"It came out of the blue, and it was one after the other," The Rock told Trevor Noah on Thursday, adding that each party insisted he'd "be a real contender" if he ever launched a campaign
Dwayne "The Rock" Johnson has long flirted with the idea of running for president — but when multiple parties approached him about launching a White House bid last year, the reality that he could possibly become commander-in-chief seemingly took him off guard.
On the inaugural episode of Trevor Noah's new podcast, What Now? with Trevor Noah, the former Daily Show host asked Johnson, 51, about a widely reported 2021 poll revealing that 46% of U.S. adults would support him as a presidential candidate.
"I remember seeing that. I was like, Damn," Noah, 39, said. "I mean, it either means you are the paragon of what people would hope a leader would be, or it means things have gotten so bad that they are like, We need somebody who's going to come in here and lay the smack down on everybody."
Johnson, who has been asked about the poll several times before, told Noah that he was "blown away" when he realized how enthusiastic some people are about the prospect of him entering politics — then the Black Adam actor dropped a bombshell, revealing that political power brokers have already reached out behind closed doors to try and convince him to take the idea seriously.
Elaborating, Johnson said that in late 2022, "I got a visit from the parties. They asked me if I was going to run and if I could run — and it was a big deal. And it came out of the blue, and it was one after the other."
While he didn't specify which political parties approached him — or how many — he said that each of them brought up the 2021 poll as evidence for why he'd make a good candidate, adding, "They also brought up their own deep-dive research and data that would prove, should I ever decide to go down that road, that I would be a real contender."
"It was all very surreal because that's never been my goal. My goal has never been to be in politics," he continued. "And in fact, there's a lot about politics that I hate.”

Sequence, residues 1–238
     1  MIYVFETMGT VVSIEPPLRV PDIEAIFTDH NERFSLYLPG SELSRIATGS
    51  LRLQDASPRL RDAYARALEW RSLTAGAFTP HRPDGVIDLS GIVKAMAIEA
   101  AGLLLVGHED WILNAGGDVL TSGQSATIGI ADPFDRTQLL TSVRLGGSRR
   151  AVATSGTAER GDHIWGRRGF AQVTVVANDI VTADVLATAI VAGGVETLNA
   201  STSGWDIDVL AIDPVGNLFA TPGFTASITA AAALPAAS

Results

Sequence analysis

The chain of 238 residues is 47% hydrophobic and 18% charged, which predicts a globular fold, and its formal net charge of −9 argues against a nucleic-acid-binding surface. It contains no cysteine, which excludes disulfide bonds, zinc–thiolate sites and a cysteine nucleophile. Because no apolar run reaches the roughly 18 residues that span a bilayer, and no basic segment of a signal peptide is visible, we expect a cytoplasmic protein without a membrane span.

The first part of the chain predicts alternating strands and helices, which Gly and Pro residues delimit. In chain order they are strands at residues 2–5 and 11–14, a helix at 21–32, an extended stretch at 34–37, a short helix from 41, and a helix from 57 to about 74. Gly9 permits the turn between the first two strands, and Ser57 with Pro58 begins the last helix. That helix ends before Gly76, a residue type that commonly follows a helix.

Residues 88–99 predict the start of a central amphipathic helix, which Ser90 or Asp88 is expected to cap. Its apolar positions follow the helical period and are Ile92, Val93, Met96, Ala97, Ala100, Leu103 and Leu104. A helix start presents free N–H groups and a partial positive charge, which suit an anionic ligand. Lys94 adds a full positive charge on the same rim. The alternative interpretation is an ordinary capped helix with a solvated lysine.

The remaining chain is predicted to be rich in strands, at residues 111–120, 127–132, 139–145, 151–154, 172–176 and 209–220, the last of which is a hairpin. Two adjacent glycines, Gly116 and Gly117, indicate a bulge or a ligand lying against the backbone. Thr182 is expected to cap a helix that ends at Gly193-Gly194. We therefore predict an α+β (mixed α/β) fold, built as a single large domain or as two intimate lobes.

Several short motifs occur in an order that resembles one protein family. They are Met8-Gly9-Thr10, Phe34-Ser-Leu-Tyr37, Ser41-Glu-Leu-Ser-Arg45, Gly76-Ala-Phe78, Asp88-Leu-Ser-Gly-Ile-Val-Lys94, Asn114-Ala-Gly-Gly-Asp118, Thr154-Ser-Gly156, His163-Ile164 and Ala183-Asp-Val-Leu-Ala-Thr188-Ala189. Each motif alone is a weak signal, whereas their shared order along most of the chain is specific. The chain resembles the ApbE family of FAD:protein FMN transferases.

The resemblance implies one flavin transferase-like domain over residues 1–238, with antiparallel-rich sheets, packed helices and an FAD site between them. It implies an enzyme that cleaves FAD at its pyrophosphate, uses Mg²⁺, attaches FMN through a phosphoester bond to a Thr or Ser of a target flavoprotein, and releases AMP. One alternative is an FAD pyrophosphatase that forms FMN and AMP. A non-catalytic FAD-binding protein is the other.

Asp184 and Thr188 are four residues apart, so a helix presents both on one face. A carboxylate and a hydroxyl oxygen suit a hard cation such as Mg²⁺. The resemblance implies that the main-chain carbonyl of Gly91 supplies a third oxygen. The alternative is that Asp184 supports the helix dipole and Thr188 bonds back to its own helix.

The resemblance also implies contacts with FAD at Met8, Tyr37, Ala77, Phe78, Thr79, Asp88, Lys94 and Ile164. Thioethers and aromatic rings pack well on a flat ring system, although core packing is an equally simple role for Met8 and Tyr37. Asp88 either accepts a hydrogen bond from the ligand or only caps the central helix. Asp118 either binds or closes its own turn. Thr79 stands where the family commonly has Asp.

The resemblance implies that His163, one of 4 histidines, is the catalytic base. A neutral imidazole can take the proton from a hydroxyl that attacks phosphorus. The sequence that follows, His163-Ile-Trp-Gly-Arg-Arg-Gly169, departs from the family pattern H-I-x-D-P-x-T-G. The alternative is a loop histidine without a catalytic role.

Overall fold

Through conversations with party officials, Johnson said, he began thinking about his three daughters — ages 5, 7 and 22 — and how running for office would risk putting family time on the back burner.
"I know what it's like to have that separation and not be there for the birthdays, not be there for the pickups, the drop-offs and everything else," he told Noah, acknowledging that he missed important moments with his oldest daughter, Simone, who was born during the height of his wrestling career. "I didn't want that. I don't want that for my little ones now."
Though PEOPLE's former Sexiest Man Alive implied that he has no intention to run for president right now, he left the door open for a future campaign if public pressure ever were to mount.
"If that's ultimately what the people would want," Johnson told Noah in a serious tone, "then of course I would consider it."
Johnson has not publicly identified with a party, describing himself in 2020 as a "political independent & centrist" and sharing that he's voted for both major parties before as he endorsed the Biden-Harris Democratic ticket.
The celebrity to politician pipeline is well-established at this point. Ronald Reagan, Arnold Schwarzenegger, Al Franken and Donald Trump successfully made the leap into lawmaking, and plenty more have tried (see: Dr. Oz, Cynthia Nixon, Herschel Walker, Caitlyn Jenner, Clay Aiken, Ben Savage, even Shirley Temple).
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